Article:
Reducing The Subjectivity Of Elliott Waves by Ian Copsey
Is the identification of Elliott waves too subjective? This method can reduce the subjectivity and improve your ability to forecast.
The Elliott wave theory appeals to some and not to others, that goes without saying. Some adhere to it strictly, while others play it by ear, not staying too close to the rules and just keeping an eye out for five-wave moves. If you have wondered if there’s something just a little bit off about the strategy, you may be right. It may be Ralph Elliott made a misjudgment in the impulsive wave structure.
Through some work I was doing with the theory, I became aware of a “special wave A” move that Elliottician Robert Prechter noted in 1986 (Figure 1). A diagonal triangle wave development, which is normally associated with an extended wave 5, was occasionally seen in a wave A position. What I was facing, however, was a five-wave move that developed in a similar manner to a diagonal triangle, in which waves (i), (iii), and (v) all developed in three waves, not five. From this we could infer that any individual five-wave move could only develop in a wave A position or a wave C position. In the next higher degree, this Abc sequence formed one section of a larger five-wave sequence all constructed of three-waves.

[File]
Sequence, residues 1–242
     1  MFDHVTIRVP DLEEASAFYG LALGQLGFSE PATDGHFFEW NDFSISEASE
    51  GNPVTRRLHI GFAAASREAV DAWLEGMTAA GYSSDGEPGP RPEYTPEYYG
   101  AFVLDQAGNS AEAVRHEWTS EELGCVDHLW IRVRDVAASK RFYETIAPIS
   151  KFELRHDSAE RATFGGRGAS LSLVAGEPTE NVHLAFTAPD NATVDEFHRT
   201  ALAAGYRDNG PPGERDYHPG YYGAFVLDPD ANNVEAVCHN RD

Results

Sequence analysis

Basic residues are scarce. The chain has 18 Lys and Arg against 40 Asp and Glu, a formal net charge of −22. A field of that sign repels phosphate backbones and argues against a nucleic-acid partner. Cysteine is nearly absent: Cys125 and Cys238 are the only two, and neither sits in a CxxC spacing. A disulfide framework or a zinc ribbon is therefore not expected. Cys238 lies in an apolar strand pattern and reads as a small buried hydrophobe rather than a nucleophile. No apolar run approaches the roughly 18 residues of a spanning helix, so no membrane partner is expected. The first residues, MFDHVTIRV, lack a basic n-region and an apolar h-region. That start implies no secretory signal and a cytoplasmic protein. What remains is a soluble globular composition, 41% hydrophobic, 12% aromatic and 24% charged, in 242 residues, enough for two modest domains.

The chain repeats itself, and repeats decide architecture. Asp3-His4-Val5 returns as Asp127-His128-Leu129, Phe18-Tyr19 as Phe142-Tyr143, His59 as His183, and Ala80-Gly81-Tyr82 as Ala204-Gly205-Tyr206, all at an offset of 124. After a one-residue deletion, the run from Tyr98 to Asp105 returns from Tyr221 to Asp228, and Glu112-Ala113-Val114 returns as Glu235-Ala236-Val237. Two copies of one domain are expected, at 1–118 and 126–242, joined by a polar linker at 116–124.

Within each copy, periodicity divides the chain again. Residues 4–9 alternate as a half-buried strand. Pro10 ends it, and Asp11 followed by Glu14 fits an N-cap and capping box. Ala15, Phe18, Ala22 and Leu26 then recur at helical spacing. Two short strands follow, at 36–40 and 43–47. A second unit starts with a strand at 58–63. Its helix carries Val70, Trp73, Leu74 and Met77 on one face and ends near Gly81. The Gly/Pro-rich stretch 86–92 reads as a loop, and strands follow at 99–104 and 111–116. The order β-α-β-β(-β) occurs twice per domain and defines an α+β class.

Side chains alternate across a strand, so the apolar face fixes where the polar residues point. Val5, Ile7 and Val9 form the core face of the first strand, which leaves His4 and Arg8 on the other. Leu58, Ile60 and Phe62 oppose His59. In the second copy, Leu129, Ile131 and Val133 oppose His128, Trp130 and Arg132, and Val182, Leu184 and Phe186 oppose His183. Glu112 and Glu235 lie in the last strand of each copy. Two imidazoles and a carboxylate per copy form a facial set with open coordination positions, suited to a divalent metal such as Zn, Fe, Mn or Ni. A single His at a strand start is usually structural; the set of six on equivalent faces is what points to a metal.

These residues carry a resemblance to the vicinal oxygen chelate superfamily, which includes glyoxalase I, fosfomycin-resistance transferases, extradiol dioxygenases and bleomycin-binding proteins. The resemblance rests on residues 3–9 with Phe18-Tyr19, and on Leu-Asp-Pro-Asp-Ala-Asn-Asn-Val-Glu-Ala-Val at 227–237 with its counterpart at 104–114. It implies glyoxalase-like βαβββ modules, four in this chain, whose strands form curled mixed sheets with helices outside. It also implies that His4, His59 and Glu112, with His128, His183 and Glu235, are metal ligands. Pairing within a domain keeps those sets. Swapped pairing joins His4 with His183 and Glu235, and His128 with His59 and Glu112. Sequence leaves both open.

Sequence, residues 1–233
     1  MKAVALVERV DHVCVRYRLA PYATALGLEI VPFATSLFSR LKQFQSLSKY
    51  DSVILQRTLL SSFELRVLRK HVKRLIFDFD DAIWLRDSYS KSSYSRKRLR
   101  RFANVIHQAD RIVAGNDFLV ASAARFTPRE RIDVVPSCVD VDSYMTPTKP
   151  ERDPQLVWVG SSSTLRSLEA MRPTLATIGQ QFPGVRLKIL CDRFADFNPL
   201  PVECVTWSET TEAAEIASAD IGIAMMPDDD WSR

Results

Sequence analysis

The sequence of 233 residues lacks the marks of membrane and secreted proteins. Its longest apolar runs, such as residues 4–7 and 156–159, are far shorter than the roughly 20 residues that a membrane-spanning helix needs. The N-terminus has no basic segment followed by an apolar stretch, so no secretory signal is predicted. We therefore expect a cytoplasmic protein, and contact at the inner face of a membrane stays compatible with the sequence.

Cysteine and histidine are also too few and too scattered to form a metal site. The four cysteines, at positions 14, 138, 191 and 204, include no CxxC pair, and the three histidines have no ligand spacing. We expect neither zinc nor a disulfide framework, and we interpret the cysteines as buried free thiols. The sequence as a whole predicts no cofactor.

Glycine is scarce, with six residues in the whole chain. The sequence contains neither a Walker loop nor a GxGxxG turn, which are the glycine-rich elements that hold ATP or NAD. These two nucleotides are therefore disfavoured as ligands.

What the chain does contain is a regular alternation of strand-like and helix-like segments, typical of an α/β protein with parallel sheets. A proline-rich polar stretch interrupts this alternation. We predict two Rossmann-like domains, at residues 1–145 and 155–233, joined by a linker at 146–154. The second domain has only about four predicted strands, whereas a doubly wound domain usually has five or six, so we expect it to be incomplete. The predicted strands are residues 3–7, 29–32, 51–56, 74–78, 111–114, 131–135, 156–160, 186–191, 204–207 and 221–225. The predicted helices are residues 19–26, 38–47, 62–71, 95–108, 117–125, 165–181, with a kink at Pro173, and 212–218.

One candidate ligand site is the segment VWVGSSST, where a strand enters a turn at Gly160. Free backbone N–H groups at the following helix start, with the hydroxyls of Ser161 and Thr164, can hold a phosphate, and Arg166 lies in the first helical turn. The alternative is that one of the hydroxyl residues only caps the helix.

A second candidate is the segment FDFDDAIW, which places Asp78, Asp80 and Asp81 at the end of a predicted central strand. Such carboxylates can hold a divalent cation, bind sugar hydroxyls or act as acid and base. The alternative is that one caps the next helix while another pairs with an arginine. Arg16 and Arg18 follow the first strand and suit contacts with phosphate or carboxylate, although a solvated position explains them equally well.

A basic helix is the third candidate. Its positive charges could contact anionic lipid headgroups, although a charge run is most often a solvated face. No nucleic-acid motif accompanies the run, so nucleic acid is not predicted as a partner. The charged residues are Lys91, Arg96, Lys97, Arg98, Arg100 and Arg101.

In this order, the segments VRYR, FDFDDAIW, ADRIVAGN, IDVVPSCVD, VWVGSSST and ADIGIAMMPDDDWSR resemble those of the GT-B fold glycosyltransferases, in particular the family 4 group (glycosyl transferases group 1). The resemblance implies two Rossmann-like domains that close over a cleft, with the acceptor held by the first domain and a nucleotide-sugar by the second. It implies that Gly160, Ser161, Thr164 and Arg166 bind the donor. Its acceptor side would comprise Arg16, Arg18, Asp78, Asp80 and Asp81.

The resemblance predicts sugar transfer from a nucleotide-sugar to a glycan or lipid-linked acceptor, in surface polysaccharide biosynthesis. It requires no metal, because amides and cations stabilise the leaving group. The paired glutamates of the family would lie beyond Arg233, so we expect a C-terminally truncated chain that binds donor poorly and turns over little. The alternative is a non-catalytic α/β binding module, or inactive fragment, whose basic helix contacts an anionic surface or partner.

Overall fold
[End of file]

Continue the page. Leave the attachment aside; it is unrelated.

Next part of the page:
What I found was that everything fell flat if I applied a Fibonacci relationship to the standard count that would treat these as an example of an extending wave. When I used the three-wave structure for waves (i), (iii), and (v), however, the wave relationships turned out to be perfect. Adjusting the structure this way, I found projections and retracements began to be consistently accurate.